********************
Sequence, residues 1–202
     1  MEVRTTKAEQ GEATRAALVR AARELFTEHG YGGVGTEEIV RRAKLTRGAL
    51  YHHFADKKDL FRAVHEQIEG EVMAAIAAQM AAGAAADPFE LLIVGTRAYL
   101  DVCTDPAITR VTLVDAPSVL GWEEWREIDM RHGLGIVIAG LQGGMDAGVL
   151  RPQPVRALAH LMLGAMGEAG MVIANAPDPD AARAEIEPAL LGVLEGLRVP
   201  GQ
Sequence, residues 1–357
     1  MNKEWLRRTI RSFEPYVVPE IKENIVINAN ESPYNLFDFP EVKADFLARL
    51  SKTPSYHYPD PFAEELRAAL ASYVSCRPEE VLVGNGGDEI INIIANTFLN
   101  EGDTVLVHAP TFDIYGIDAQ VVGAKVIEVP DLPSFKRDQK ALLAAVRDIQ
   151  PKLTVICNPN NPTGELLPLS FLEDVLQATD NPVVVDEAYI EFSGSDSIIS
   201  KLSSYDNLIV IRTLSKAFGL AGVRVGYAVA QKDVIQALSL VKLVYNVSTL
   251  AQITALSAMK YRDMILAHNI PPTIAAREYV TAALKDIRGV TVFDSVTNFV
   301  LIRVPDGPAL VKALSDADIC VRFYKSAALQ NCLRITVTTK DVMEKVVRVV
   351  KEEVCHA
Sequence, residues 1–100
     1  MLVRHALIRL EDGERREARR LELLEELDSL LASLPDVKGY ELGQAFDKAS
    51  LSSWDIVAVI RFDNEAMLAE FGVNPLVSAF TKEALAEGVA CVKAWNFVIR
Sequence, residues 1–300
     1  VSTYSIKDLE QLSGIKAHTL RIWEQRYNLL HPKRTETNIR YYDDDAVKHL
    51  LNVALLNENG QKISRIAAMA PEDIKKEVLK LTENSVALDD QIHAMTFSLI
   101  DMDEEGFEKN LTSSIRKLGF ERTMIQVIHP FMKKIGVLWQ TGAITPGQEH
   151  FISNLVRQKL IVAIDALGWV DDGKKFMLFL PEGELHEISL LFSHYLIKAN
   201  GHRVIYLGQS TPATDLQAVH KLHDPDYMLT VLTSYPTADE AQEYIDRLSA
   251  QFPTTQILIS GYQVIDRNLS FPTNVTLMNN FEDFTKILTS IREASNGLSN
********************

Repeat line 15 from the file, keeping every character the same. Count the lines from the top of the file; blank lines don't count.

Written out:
   351  KEEVCHA